Unrest in China has continued to boil as of late, with ethnic tensions running high in Xinjiang region over the weekend.
Two Muslim Uighurs hijacked a truck that was waiting at a traffic light in the city of Kashgar, near Kyrgyzstan, killed the driver, and then crashed the truck into pedestrians on a nearby sidewalk. The assailants then exited the vehicle, and began stabbing people at random, leaving six people dead on the pavement. In total, the attackers killed seven and injured 28 before the crowd turned on them and killed one of the assailants, and captured the other.
The day after the knife attacks, an explosion rocked the same city, killing three and injuring three more.
The city has a large population of Muslim Uighurs who are displeased with what they see as oppressive government treatment and political and religious repression. The Uighurs also complain of the unwanted migration of the dominant Han ethnic group into the area. While they acknowledge that standards of living have improved, they claim that the Han have enjoyed most of the gains.
A spokesman for a Uighur exhile group based in Germany, the World Uyghur Congress, said, “Beijing should accept the responsibility that repression triggered [the weekend’s attacks].”
Report & Analysis: China’s Xinjiang hit by deadly kinfe attack, blast [ChannelNews Asia, 31 Jul 2011]
The Chinese government called the group a bunch of Muslim extremists, and
claimed that the group's leaders were trained in Pakistani camps. Beijing regards Uighur separatists as part of a terrorist organization with links to al Qaeda, and has sought to deligitimize them across the international community.
Report & Analysis: China blames extremists for Xinjian attack [Wall Street Journal, 1 Aug 2011]
Earlier this month, more than 20 people were killed in ethnic violence in Hotan, in what state media called a “terrorist attack.”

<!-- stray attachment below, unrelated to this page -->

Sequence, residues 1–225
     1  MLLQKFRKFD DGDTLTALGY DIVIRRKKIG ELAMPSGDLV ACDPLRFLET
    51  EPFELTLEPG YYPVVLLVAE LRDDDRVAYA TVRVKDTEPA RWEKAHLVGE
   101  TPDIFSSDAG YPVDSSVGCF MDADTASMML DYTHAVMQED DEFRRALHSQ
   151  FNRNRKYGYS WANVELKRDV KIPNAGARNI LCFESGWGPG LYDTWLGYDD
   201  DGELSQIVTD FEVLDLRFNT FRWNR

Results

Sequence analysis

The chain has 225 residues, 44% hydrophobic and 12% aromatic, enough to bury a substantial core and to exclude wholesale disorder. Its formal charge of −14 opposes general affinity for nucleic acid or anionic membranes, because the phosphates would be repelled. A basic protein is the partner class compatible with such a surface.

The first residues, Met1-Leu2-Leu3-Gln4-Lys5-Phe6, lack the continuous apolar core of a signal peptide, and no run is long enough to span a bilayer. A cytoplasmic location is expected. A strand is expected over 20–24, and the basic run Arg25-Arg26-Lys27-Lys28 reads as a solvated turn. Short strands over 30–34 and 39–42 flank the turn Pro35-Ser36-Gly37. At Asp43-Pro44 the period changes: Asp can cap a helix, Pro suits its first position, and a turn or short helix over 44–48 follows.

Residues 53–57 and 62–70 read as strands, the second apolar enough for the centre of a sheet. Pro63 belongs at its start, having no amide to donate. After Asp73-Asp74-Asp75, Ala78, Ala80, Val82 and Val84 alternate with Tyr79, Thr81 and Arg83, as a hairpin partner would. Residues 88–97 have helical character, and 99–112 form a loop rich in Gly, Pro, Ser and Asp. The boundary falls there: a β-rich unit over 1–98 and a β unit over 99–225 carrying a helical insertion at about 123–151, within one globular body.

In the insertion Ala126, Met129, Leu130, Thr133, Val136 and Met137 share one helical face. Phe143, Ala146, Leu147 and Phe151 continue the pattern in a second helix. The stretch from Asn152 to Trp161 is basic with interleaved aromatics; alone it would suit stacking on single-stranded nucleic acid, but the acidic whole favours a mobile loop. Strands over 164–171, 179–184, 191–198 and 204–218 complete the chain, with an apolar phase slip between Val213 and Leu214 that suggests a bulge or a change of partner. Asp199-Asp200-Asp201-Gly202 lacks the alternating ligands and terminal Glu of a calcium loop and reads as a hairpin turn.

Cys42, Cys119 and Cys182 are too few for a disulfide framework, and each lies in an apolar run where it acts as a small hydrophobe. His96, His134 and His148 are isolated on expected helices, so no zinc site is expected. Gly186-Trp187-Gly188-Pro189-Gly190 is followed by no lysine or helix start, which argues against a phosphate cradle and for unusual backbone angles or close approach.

Following Saturday’s incident, Chinese forces detained more than 100 Uighurs for questioning.
Report & Analysis: 14 killed in western Chinese city on edge over ethnic tensions [New York Times, 31 Jul 2011]
Report & Analysis: Deadly violence hits China’s restive Xinjiang [Straits Times, 1 Aug 2011]
Elsewhere in China, late last week, residents rioted after state officials allegedly beat a disabled fruit vendor to death in Southern Guizhou province.
Residents gathered on the streets of Anshun, and threw stones at police and government vehicles. The people suspected the urban management officers, who are in charge of enforcing laws against begging and petty crimes, of killing the vendor.
According to Xinhua, about 30 protesters and 10 police officers were injured., and police used water cannons to disperse the protestors.
This is not the first time unrest has hit Guizhous; in late 2008, crowds rioted and stormed police headquarters in another city in the province following the allegations that police covered up the rape and murder of a young girl to protect the son of a local officials.
Report & Analysis: Riot in south China after death of fruit vendor [Reuters, 27 Jul 2011]
Across South-east Asia, clashes between supporters of rival political candidates broke out in Indonesia’s Papua region over the weekend.
Several people were injured in a brawl Sunday in the regions Puncak district, as angry mobs set fire to buildings and vehicles after the local election commission refused to register a candidate running for local district chief.
Report: Clashes in Indonesia’s Papua kill 17 [Voice of America, 31 Jul 2011]
At the same time, an Indonesian court handed down a verdict against Dani bin Misra, a member of a mob of 1,000 Sunni Muslims who hacked and beat to death three members of a minority Ahmadi Islamic group last February. Bin Misra was sentenced to just three months in prison, and none amongst the 11 others on trial received more than six months for their actions.
The verdict was widely condemned by human rights groups, the American government, the EU and Indonesian non-government organizations. Many are worried that the verdict will be a step back from full religious freedom, and may inspire others to attack minority groups such as the Ahmadiyah.
Report & Analysis: Lightly on the lynch mob [Economist, 31 Jul 2011]